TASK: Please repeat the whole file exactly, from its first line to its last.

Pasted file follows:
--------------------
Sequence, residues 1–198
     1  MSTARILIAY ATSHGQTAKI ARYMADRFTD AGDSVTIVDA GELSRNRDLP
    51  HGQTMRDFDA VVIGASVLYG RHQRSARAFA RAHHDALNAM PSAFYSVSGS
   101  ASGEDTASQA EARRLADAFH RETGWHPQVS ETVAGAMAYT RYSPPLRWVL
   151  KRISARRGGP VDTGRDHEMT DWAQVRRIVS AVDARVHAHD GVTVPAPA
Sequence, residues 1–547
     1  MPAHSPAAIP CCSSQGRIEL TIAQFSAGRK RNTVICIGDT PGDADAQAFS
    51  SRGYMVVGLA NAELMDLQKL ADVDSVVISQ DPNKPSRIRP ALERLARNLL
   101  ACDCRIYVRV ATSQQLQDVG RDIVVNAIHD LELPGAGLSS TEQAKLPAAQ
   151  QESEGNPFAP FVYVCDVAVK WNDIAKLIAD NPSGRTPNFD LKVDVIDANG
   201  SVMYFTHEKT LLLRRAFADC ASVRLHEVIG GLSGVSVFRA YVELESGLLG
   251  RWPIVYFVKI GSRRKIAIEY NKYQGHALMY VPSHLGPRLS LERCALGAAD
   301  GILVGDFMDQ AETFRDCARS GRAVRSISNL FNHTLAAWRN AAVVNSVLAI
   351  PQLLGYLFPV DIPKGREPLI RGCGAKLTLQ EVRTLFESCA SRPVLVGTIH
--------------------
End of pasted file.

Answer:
Sequence, residues 1–198
     1  MSTARILIAY ATSHGQTAKI ARYMADRFTD AGDSVTIVDA GELSRNRDLP
    51  HGQTMRDFDA VVIGASVLYG RHQRSARAFA RAHHDALNAM PSAFYSVSGS
   101  ASGEDTASQA EARRLADAFH RETGWHPQVS ETVAGAMAYT RYSPPLRWVL
   151  KRISARRGGP VDTGRDHEMT DWAQVRRIVS AVDARVHAHD GVTVPAPA
Sequence, residues 1–547
     1  MPAHSPAAIP CCSSQGRIEL TIAQFSAGRK RNTVICIGDT PGDADAQAFS
    51  SRGYMVVGLA NAELMDLQKL ADVDSVVISQ DPNKPSRIRP ALERLARNLL
   101  ACDCRIYVRV ATSQQLQDVG RDIVVNAIHD LELPGAGLSS TEQAKLPAAQ
   151  QESEGNPFAP FVYVCDVAVK WNDIAKLIAD NPSGRTPNFD LKVDVIDANG
   201  SVMYFTHEKT LLLRRAFADC ASVRLHEVIG GLSGVSVFRA YVELESGLLG
   251  RWPIVYFVKI GSRRKIAIEY NKYQGHALMY VPSHLGPRLS LERCALGAAD
   301  GILVGDFMDQ AETFRDCARS GRAVRSISNL FNHTLAAWRN AAVVNSVLAI
   351  PQLLGYLFPV DIPKGREPLI RGCGAKLTLQ EVRTLFESCA SRPVLVGTIH